When performing an audit, an auditor will be required to collect sufficient evidence to back up his views on the audit. In jewellers' ltd, the auditor may check and count the inventory of jewellery to verify that it exists and that the valuations are correct by checking the receipts of the goods, the different types and barcodes registered against them. By doing this the auditor will have completed the procedure of inspection and recalculation. The purpose of carrying out this test is to make sure that all the inventory is actually there and by checking the receipts it shows that the items have actually been bought and not hired or leased and therefore the financial statements aren't misstated. It also helps the auditor to judge whether the inventory is valued correctly for example, some of the jewellery may get damaged through delivery and therefore the damaged items will have to be adjusted to the net asset value rather than the cost. Another test that could be carried out is on the basis of calculations. For example, the auditor may want to confirm that the method of depreciation used in jewellers ltd is correct and may ask an employee on how it is calculated, the employee's answer has to be tested by re-performing the task, so if the employees says that machinery is depreciated using the reducing balance method then the auditor must check to confirm the amount is correct and the method used is correct. By doing this the procedure of 'inquiry' is met and the objective of doing this is to test whether or not the information disclosed is correct and accurate. Observation is also a procedure followed by the auditor, in jeweller ltd's case a test could be done on observing the way the inventory is counted and stored, because most of the merchandise comes from abroad it is very important to count all the stock is there and that it is stored properly. By doing this the auditor observes how different tasks are done by which employees and what routines are being followed, this gives evidence of the operation of controls which help to prove other assertions.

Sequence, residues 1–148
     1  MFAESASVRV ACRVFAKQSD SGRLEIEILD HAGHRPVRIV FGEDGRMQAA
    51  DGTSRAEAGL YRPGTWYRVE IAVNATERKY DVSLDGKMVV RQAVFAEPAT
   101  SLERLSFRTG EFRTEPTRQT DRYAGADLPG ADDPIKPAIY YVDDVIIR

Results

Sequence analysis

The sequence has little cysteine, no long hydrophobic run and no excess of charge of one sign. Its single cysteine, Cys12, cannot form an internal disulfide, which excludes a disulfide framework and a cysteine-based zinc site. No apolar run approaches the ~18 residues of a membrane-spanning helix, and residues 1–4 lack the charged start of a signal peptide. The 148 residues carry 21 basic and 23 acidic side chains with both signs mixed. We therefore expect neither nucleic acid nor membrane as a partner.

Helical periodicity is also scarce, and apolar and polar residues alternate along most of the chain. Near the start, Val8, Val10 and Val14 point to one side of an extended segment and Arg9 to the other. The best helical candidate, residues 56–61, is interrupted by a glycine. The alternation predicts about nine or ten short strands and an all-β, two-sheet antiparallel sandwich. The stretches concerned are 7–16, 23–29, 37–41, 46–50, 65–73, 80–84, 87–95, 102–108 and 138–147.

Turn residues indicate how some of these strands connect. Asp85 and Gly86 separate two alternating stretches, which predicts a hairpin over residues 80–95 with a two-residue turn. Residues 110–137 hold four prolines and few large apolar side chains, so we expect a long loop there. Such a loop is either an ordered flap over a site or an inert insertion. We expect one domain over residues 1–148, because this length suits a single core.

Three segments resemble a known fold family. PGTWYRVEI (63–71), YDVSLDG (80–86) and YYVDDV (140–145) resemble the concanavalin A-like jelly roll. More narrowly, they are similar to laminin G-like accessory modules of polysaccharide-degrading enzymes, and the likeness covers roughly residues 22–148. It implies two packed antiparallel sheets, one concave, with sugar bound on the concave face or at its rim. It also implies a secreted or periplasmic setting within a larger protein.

An auditor's job is to 'audit' the financial statements and be independent from the entity they are auditing. Evalyn is suggesting that the inventory counting is the role of the auditor, however it isn't the role of the auditor in fact it is against the code of ethics, if the auditor offers additional services to the entity he isn't regarded as 'independent' because he is a part of the business and the results could be biased. Another point mentioned is the extra pay for supervising the count, again this is against the international standards on auditing this is because the independence is affected and the auditor may get too close to the staff and therefore the impact on his judgement on the financial statements may be biased. Another point in the passage, 'whatever a label says is in a box, will be in that box - there's no need to reopen any of them' this is also against the ACCA code of ethics and conduct because it isn't objective, the findings can't be relied on and if the auditor followed Evalyn's word he would be breaking the rules and the financial statements won't be based on rationale and research and therefore may be biased and unreliable.